By Garrett Cecere
In a sweltering high school classroom during the summer of 1987, Alan Amtzis approached his students with the hope of educating them. However, it was a quiet student who ended up teaching him a valuable lesson.
Amtzis, who stood up in front of his class of Latino, Caribbean and African-American students, was the only white person in the room.
“I was teaching a uniquely, uniformly white curriculum,” Amtzis said. “A novel, a play, a short story, a few poems and 150 vocabulary words.
On the class’ third day, one student — a 17-year-old Jamaican immigrant — who never spoke or raised his hand, walked up to Amztis’ desk and asked him a question that he would never forget.
“(He) gave what I call the ‘12-word challenge,’” Amztis said. “He said, very simply, ‘do you think we might read something more relevant to our lives?’”
Without waiting for a response, the student walked out of the room.
That day not only inspired Amtzis to search for stories that illustrated the experience of growing up black, Latino or Caribbean, but also set the foundation for his workshop that he led in the Education Building Room 113 as part of the College’s Community Learning Day on Sept. 4.
Amtzis changed the original name of the workshop, “Queer Images in Film,” so that he could focus on a more narrow scope and apply the session to themes in this year’s freshman summer reading book, “No Ashes in the Fire” by Darnell Moore, a memoir about the author’s experience growing up gay and black. The workshop’s amended title was “WE ARE: Images of Gay Black Men in the Movies.”
For the session, Amtzis showed clips from three films that depicted characters who are gay and black, in addition to others in the transgender community, all of whom are rarely seen on the big screen.
One film, “Tongues Untied,” is a non-narrative documentary where characters use poetry to express feelings and thoughts about their lives.
“What is striking about (‘Tongues Untied’) … is that there’s no apology,” Amtzis said. “It’s an affirmation, a statement of ‘WE ARE.’”
Amtzis, who now teaches in the College’s education department, enjoys exploring images of the LGBTQ community in cinema, which he is able to do with students in his FSP course, “Terms of En-QUEER-ment: A history of the movies and LGBTQ identity.”
Growing up in New York City, Amtzis was no stranger to theater and films, which served as support when he came out as gay at the age of 15.
“‘Women in Love,’ ‘The Boys in the Band,’ ‘Sunday Bloody Sunday,’” he said. “All of these movies celebrated who I was and what I was.”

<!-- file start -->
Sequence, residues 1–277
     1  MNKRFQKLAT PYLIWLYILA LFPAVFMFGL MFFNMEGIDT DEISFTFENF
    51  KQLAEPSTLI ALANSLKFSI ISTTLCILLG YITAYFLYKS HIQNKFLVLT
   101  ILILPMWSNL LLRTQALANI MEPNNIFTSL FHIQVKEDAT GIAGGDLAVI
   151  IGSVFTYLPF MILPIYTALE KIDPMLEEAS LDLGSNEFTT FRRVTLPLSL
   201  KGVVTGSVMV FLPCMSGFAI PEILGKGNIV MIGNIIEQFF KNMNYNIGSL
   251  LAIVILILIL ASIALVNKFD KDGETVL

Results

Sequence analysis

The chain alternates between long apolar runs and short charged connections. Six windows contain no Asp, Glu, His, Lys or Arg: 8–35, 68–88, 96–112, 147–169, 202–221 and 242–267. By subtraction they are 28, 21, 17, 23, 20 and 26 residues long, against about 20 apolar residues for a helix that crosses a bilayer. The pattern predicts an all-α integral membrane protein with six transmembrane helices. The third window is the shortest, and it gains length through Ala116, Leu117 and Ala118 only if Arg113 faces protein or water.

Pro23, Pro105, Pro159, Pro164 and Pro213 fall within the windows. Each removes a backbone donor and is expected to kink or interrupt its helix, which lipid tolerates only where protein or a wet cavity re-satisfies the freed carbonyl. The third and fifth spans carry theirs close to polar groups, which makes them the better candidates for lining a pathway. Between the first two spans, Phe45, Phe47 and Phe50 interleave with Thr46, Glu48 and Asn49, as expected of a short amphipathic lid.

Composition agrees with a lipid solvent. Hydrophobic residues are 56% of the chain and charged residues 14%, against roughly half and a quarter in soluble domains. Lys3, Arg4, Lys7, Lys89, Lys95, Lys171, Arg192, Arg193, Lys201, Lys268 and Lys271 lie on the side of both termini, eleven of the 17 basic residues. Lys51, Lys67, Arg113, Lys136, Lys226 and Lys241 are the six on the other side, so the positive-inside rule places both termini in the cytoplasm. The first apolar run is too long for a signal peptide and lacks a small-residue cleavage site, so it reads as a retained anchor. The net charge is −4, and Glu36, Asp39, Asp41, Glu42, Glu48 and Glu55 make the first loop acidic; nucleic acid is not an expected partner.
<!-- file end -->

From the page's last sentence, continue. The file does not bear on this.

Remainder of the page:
Before going into teaching, Amtzis had worked in the film industry as a script reader and casting director early in his career, which contributed to his desire to integrate film into his lessons.
“…I love movies. I’ve been going to movies since I was 5 years old,” he said. “I’ve probably seen more movies than anyone you’ll ever know personally whose name isn’t Steven Spielberg or Martin Scorsese.”
Another film in the presentation, the Oscar-winning “Moonlight,” tells the story of Chiron, a young gay black man and his search for love and acceptance during three stages of his life.
Although they didn’t read Moore’s book, sophomores Stephanie Shen and Alex Reinhard, who attended the workshop, especially enjoyed the presentation about “Moonlight” and were impressed with how the workshop tied cinema with the LGBTQ community.
“I picked this (workshop) … because film is something I’m … interested in,” said Shen, a mathematics major. “The LGBTQ+ is also something that … I’m really passionate about.”
Reinhard, an English and interactive multimedia double major, admired how the presentation related to one of his classes.
“I’m taking queer lit this semester, so I feel like (the workshop) tied in everything really well, and this was a … good introduction to everything,” he said.
For the third film, Amtzis chose “Paris Is Burning,” a documentary about the ball scene in New York City during the late 1980s. He highlighted one character, a drag queen named Pepper LaBeija, by asking the audience participate and chant the name three times just like the actors did in one scene.
Amtzis said he enjoyed discussing “Paris Is Burning” the most and that he looks forward to showing it in his FSP course.
“(The film) is just so outrageous,” he said. “It’s these fierce, fabulous drag queens fighting for recognition … and yet, their social status is so marginal that there’s a real sort of tension in there that I find powerful … and having everyone chant Pepper LaBeija’s name.”
As Amtzis brought the presentation to a close, he answered one person’s question by saying how he felt “Paris Is Burning” helped shed light on an underrepresented group.
“(The film) gives a lot of focus and attention to a very marginalized group,” he said. “I guess they feel ignored, and their voice is powerful.”
Even three decades later, Amtzis hasn’t forgotten the challenge that his student presented him.
“To this day, I wish I could recall his last name,” he said. “I wish I could find him on Facebook because I owe him a ‘thank you.’”